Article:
Exterior of Ireland’s Great Hunger Museum at Quinnipiac University. Photographer Robert Benson.

About the Museum

Carret icon

Our Mission

Our Mission

The mission of Ireland’s Great Hunger Museum at Quinnipiac University is to collect, preserve, exhibit and study its collection of art, artifacts and literature related to the Irish Famine/Great Hunger that occurred from 1845–52. In doing so, it seeks to educate audiences of all ages about the underlying political, social, economic and historic causes of the Great Hunger, and the magnitude of the disaster on Ireland and its people. The museum contains the world’s largest collection of Great Hunger-related art by noted contemporary Irish and Irish American artists as well as a number of period paintings by some of Ireland’s most important 19th-century artists.



By John L. Lahey, President Emeritus, Quinnipiac University

In 1997 I had the honor to serve as Grand Marshal of the New York City St. Patrick’s Day Parade. I made Ireland’s Great Hunger the theme of that year’s parade to commemorate the 150th anniversary of Black ’47, the worst year of the Irish Famine. During the months leading up to the parade, I made many public appearances and gave many speeches on the Great Hunger. The late Murray Lender, a Quinnipiac University alumnus and vice chairman of our Board of Trustees, listened to those speeches about the Great Hunger and its devastating effect on Ireland and the Irish people.

More clearly than many others, Murray grasped the compelling nature of the Great Hunger story and the importance of educating people about its true causes and consequences. Murray’s vision and the generous financial support of both Murray and his brother, Marvin, led to the creation of the Lender Family Special Collection Room, An Gorta Mór, in the Arnold Bernhard Library on our Mount Carmel Campus. This initial collection of art, research and educational materials has been augmented during the past 20 years and now represents the world’s largest collection of Great Hunger-related art and educational resources.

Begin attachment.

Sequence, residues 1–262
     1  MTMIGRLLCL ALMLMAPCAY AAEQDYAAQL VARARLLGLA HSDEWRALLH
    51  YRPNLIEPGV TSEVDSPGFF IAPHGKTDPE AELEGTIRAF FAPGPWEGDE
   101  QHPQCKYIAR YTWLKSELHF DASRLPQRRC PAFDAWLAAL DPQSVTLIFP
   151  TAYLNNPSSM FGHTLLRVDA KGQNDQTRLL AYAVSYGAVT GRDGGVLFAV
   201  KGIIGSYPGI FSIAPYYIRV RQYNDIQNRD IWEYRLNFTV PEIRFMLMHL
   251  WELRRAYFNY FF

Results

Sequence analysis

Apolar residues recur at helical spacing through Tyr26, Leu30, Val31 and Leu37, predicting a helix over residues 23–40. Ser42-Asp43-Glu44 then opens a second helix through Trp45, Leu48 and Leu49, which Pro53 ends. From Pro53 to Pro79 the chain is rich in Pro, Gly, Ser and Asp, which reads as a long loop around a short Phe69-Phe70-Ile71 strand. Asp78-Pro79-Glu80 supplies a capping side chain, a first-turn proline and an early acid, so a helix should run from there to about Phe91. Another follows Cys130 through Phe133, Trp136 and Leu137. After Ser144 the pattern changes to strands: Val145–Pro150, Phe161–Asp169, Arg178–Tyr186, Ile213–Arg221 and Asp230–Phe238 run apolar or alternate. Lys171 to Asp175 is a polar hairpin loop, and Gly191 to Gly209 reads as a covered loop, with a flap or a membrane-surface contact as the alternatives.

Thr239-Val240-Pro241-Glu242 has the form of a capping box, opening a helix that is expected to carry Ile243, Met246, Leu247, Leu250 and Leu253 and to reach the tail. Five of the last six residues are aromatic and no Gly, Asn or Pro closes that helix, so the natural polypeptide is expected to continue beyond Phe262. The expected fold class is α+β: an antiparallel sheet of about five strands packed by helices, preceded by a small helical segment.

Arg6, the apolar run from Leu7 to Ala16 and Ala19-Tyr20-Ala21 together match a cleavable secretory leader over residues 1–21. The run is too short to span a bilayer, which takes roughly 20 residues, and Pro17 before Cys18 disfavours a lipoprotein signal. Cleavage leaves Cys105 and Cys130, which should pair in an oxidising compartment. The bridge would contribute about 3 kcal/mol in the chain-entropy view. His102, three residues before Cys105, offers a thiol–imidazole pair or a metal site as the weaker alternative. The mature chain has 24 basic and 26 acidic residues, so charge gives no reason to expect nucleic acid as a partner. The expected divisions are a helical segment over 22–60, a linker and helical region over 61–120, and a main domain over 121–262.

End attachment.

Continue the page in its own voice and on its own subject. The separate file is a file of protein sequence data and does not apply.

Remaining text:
The educational and research materials for students and scholars will continue to be housed in the library and its Lender Family Special Collection Room. However, the valuable art collection, which has grown both in quantity and quality, now needs and deserves an entire building of its own, particularly one more open and accessible to the general public. The university’s new Ireland’s Great Hunger Museum, Múseam An Ghorta Mhóir, on Whitney Avenue in Hamden, Connecticut, provides just such an ideal facility and location.

Ireland’s Great Hunger Museum will strengthen and advance the university’s commitment to educate more and more people about the Great Hunger and the lessons to be learned from this terrible human rights tragedy. The museum also will develop into a truly great museum of art, educating people about the high quality of Irish art. In so doing, it will place Quinnipiac University once again in the company of the most prestigious institutions of higher learning, many of which possess significant university art collections and museums.

A photo of a statue head, starts video

Selected Press

Selected Press

Irish Times, February 2018
"The Famine: artists and the nightmare of our 'crushed and bleeding soul'"

Connecticut Magazine, March 2017
"Our Irish Soul: How the Irish Shaped Connecticut, and Vice Versa"

The New York Times, February 2016
"The Artist Who Dared to Paint Ireland's Great Famine"

Galway Advertiser, January 2016
"The Famine - Gaeilge's Armageddon?"

The Irish Times, November 2015
"Famine Essays Resonate with Contemporary Events"

News 8 WTNH-TV, March 2015
"Tour Irish Culture at QU's Great Hunger Museum"

The Irish Times, December 2014
"Culture Shock: We're Big Enough to Handle the Truth About our History"

WNPR, March 2014
"Remembering Ireland's Great Hunger"

FOX CT News, March 2014
"Ireland's Great Hunger Museum in Hamden"

Boston Globe, April 2013
"In Hamden, a Museum Dedicated to Ireland's Great Hunger"

Forbes Magazine, March 2013
"From Coffin Ships to Triumph Abroad, Museums Tell of Ireland's Haunting Diaspora"

New York Times, January 2013
"Mournful, Angry Views of Ireland's Famine: A Review of Ireland's Great Hunger Museum, in Hamden"

General inquiries can be directed to 203-582-6500 or ighm@qu.edu.